Warning! This article contains math!
I’d like to introduce you today to one of my favorite games: Kingdom Builder. Kingdom Builder is an area control game by Donald X. Vaccarino (the creator of the deck building game Dominion) for 2-4 players that won the Speil des Jahres in 2012. The Spiel des Jahres is an award given to one game a year for “excellency in game design” and those games usually end up among my favorites.
Kingdom Builder is a very fast game to set up, play, and score. We averaged a set up time of around two minutes, with an average play time of about 30 minutes (some combinations take planning while others are more straight forward). For your first time playing and reading the rules I’d expect about 45 minutes.
Anyway, to play Kingdom Builder you get one card a turn, which tells you the type of terrain on which you can place your settlements.
There are 5 playable terrains, grasslands, forest, desert, flowers, and canyon, and two unplayable terrains, water and mountain. You can also get bonus tiles that give you free settlements or allow you to move your existing settlements. The key rule to the game is that, if possible, your new settlements have to touch your current settlements.
The previous paragraph is enough to get you started, but what about winning? This is where we get into the math I mentioned earlier. Before the game starts you shuffle a ten card victory deck and choose three cards. These three cards tell you how to get points for that game. The points cards include easy to accomplish tasks, such as “one point for each settlement touching the water” to the more difficult tasks, such as “one point for each row containing one of your settlements.” Overall there are 120 different combinations of victory cards. Here is the math on combinations:
The formula for combinations is where x! represents x factorial, n is the number of choices, and k is how many you choose. Factorial in long form means x*(x-1)*(x-2)…*(x-(x+1)). I won’t bore you with the derivation of the formula, but you can look it up on Wikipedia here! So from the ten cards, and selecting three the formula looks like this: or or in long form luckily we can eliminate some numbers because they are on both the top and bottom of the divisor leaving us with: which simplifies to 720/6 or 120.
Replayability is also increased by the unique board set up. The game includes eight different boards, each with their own terrain combinations and bonus tiles. You shuffle the boards and lay out four for each game. This gives us more math!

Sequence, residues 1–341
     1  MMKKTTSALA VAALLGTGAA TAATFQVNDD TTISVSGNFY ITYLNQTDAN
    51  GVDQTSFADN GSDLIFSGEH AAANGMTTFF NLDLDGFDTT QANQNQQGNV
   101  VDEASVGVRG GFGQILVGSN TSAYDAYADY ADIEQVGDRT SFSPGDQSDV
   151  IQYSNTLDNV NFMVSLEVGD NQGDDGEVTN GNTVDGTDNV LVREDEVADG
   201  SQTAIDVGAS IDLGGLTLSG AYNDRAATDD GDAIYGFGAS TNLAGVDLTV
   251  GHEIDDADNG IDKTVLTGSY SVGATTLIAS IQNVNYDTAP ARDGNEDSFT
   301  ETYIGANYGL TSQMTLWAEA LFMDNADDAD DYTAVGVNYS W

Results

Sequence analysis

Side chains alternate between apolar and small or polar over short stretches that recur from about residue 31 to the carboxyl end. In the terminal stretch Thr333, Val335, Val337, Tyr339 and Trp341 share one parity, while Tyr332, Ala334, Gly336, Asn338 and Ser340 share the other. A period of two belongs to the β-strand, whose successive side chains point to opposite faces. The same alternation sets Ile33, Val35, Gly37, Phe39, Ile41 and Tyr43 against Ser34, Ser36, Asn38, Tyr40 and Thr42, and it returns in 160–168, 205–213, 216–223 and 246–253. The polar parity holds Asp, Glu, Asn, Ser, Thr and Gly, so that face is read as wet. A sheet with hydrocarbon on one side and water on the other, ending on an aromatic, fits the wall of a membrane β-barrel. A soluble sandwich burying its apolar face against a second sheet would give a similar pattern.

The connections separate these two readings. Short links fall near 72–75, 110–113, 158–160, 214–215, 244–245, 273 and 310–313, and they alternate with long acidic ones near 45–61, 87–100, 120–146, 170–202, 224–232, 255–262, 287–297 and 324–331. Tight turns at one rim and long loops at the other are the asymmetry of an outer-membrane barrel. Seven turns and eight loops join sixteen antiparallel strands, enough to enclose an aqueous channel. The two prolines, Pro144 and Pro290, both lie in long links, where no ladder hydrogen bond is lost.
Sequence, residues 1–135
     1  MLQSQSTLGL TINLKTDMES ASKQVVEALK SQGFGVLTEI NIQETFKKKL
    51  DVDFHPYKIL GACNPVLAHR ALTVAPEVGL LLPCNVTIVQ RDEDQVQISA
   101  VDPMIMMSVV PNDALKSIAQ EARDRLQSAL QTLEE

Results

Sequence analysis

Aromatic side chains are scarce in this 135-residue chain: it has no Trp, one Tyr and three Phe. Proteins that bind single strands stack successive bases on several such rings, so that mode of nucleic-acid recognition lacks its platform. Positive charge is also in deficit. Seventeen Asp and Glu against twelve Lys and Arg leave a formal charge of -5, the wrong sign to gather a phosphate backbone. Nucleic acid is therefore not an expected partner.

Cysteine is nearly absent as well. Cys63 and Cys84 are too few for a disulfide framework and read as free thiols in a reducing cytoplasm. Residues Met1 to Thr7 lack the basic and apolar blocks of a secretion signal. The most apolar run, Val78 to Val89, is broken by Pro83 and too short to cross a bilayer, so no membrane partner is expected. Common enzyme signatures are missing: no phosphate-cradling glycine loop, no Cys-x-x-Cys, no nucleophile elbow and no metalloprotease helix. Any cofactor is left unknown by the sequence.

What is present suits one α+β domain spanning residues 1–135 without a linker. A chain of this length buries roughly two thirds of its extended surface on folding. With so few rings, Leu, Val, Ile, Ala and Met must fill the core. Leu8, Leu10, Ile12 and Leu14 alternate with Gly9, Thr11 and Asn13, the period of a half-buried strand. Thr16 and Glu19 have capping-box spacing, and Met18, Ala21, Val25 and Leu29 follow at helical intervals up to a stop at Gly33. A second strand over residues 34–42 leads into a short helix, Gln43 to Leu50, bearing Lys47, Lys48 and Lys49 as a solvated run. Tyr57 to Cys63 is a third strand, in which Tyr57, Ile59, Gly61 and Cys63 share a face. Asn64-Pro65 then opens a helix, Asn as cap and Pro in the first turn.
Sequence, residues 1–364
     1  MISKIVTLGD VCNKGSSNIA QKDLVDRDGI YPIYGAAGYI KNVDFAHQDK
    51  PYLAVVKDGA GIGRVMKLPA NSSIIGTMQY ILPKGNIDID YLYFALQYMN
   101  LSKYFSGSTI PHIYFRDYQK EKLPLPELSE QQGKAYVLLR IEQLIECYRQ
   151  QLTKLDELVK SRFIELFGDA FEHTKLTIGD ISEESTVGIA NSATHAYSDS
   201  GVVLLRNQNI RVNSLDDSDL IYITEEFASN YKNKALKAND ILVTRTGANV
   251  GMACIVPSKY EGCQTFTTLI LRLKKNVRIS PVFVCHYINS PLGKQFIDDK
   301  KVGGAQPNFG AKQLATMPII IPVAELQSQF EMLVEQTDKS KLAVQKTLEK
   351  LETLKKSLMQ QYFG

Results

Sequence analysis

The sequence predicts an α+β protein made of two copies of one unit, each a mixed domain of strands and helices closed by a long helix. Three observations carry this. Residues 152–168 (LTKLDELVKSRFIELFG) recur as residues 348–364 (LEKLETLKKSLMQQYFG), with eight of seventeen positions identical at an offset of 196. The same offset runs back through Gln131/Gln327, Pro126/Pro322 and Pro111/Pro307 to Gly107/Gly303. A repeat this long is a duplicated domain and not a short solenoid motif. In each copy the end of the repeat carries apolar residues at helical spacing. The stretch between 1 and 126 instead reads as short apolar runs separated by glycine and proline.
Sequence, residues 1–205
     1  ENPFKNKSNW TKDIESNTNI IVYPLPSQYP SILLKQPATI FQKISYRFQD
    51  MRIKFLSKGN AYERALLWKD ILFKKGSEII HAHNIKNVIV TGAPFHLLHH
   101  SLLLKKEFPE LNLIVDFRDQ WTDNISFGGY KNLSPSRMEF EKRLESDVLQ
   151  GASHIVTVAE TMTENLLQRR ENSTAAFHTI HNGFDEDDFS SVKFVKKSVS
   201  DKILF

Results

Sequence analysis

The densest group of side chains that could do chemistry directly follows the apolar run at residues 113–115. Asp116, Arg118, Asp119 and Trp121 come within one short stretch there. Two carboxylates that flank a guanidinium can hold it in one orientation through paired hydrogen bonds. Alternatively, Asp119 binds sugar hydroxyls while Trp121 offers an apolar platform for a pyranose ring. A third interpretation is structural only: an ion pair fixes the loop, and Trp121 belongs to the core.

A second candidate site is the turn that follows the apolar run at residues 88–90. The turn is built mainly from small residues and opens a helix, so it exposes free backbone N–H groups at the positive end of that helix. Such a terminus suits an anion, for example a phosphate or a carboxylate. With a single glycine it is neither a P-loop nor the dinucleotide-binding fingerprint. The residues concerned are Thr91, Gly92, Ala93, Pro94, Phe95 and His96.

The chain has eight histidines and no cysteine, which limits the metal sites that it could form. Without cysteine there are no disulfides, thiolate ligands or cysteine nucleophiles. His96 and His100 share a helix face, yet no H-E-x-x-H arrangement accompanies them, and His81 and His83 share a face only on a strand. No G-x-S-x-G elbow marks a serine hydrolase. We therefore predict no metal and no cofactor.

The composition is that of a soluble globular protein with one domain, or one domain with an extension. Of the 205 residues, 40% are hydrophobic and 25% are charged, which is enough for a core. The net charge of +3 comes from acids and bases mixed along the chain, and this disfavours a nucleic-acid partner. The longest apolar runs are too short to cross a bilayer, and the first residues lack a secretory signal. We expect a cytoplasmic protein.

We used combinations for the victory cards since the order in which you draw them doesn’t matter. For the boards we have to use permutations since the same four boards could be placed in a different order, 1234 is different from 1324. The formula for permutation of possible placements is which looks very similar to the combinations formula but grows much quicker. Since we have eight boards and choose four of them our formula is , which simplifies to . We can cancel out similar factors again to end up with 8*7*6*5 which equals 1680 possible board combinations.
So when I say replayability I really mean it for this game. Taking the 120 different victory card combinations and the 1680 different board set ups there is a total of 201,600 unique games possible. Slightly fewer than the million I mentioned in the title but enough to keep the game from being the same everytime you play.
If for some reason you want even more variety (oh and I do) there are now four expansions and three promo “Queenies”, each with their own new bonus tiles, victory cards, and even new terrains (true to Donald X’s style). I only have two of the expansions but my box now contains 24,460,800 unique set ups, and the ability to play with up to five players.
I’ll end with some quality of life advice if you decide to pick up a copy of Kingdom Builder.
The game only comes with a few very large baggies for the pieces, so my crafty (devious, and she likes to make stuff) sister came up with a nice solution. She took a snack sized plastic baggy and used a sewing machine to stitch up the middle, creating two sealable pouches for easy sorting. This also helps with set up time since you don’t need to paw through all the pieces to find that last one.
We also moved the settlement pieces to a smaller bags as well. When I purchased the expansions I removed the weird filler/sorter cardboard from the main box to allow all my boards to fit into one box. The box is pretty heavy now but I don’t have to pull down other boxes to play with expansions, everything is together and compact.
Well I hope this prompts you to try out Kingdom Builder sometime, you can always ask me to bring my copy to the Geek, I’m always happy to play, and I promise I wont talk about math (unless you want me to).